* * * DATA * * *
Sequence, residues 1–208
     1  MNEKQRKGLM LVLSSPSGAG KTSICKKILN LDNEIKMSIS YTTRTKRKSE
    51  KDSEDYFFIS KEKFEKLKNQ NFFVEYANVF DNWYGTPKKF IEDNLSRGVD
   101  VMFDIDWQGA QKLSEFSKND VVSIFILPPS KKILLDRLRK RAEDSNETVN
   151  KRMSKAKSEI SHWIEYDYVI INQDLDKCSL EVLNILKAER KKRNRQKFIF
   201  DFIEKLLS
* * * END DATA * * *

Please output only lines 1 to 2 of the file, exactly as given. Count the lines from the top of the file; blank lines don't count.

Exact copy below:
Sequence, residues 1–208
     1  MNEKQRKGLM LVLSSPSGAG KTSICKKILN LDNEIKMSIS YTTRTKRKSE